The deep roots of Libya's psychology of violence
For more than four decades, Libya's self-declared 'Brother Leader,' Muammar Qaddafi, has waged a brutal form of psychological warfare against his own people, analysts say. Rebel forces have also been shaped by that violent history.
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That perception of serving a higher purpose, among the Qaddafi family and their supporters, may in fact be adding fuel to the repressive drive against the rebels.Skip to next paragraph
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“[Qaddafi] thinks that he has created the ideal political system, and that’s what’s been introduced into Libya,” says Joffe of Cambridge University, about the tangle of ideas found in Qaddafi’s famous Green Book, which he has widely distributed throughout Libya since 1975 as a guide to his "democratic socialism" philosophy.
“Now when it is rejected by Libyans, in the rebellion in the east, this is more than just simply a political dispute – this is a personal rejection, which he takes very personally,” says Joffe. “And since he considers the system to be in some ways perfect … he takes this as a personal insult which he must personally avenge.”
But Libyan officials maintain that does not mean targeting civilians, regardless of their role in the uprising.
Yet hundreds of wounded were evacuated by sea from the city this week: 71 by the French charity Doctors Without Borders, and 250 by Turkey.
Many evacuees recounted stories of Libyan snipers shooting civilians, and tanks blasting the town indiscriminately.
“As a Libyan citizen, I will not stand and speak for a government that kills civilians. I will never do that,” said Mr. Ibrahim on Monday night. “The team that works with me here … we are young men and women.
Do you think we are going to stand here, face the whole world … to defend a government that kills civilians? What do you think we are, monsters?”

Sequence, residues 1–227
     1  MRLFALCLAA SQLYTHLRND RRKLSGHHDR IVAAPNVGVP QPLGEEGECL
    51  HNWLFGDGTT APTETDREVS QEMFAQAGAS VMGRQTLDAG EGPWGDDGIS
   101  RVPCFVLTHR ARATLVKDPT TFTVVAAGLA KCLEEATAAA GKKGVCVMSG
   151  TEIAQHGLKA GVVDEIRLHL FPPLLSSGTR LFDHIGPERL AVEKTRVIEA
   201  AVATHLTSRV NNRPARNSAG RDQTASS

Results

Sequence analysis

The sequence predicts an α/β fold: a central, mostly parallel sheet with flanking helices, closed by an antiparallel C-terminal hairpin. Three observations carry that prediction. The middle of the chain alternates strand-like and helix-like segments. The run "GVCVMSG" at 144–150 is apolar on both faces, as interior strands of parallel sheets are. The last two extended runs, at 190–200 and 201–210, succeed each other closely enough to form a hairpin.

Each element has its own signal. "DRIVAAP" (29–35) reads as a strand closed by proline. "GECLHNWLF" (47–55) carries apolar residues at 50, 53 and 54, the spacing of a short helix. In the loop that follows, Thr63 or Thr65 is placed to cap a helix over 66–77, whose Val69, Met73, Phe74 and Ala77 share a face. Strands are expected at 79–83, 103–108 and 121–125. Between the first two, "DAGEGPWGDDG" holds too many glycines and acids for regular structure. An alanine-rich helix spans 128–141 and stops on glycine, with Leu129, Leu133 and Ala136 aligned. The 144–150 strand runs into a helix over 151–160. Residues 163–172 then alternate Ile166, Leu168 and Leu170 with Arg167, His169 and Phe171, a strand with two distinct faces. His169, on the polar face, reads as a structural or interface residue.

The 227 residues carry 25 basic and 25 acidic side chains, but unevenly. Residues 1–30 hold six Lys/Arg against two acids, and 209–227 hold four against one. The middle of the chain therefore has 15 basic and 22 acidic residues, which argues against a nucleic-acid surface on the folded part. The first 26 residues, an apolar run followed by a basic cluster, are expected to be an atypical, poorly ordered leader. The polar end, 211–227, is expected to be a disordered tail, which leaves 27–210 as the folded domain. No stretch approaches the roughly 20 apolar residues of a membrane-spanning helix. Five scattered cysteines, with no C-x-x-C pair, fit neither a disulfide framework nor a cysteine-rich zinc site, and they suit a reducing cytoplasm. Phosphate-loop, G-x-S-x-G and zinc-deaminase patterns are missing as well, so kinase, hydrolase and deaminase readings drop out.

And yet, evidence appears to grow of regime abuses. The New York Times reported discovering a number of photographs, their provenance still unclear and during an official trip on Tuesday, on the second floor of a police station destroyed during fighting in the city of Zawiya, 20 miles west of the capital.
The Times reported that the images showed “corpses bearing the marks of torture;” one of a man with scars across his back, and another with his hands bound. There were also photographs of puddles of blood and one of a long pruning saw; their provenance was not clear.
Al Jazeera English on Tuesday interviewed a former Libyan soldier, who said he had witnessed the execution of fellow soldiers accused of sympathy for the rebels in Qaddafi’s hometown of Sirte.
Such violence appears to have spurred lethal antagonism on the rebel side. Kikhia of the University of Texas says that rebel friends of his on the frontline in Misratah have been astonished at how many nations are represented fighting alongside loyalist forces, from Algeria and Chad to Ukraine and Serbia.
"When they catch them, they kill them straight away,” says Kikhia of rebel treatment of the mercenaries.
He says he counsels them to avoid such retribution because “Qaddafi is not our teacher,” and “the point of this whole revolution is to end what Qaddafi has been doing, to end [his] atrocities."
Kikhia says the rebels should instead heed the example of Omar Mukhtar, the Libyan who led a rebellion against Italian Fascist rule in the 1920s, when the resistance chief was confronted by a similar problem.
“Someone said they wanted to kill the Italian prisoners, and Omar Mukhtar told them, ‘Don’t do that,’” explains Kikhia. “One of his fighters said, ‘But they kill us.’ And Omar Mukhtar said to him, ‘But they are not our teachers. Therefore we should not learn wrong from them.’”
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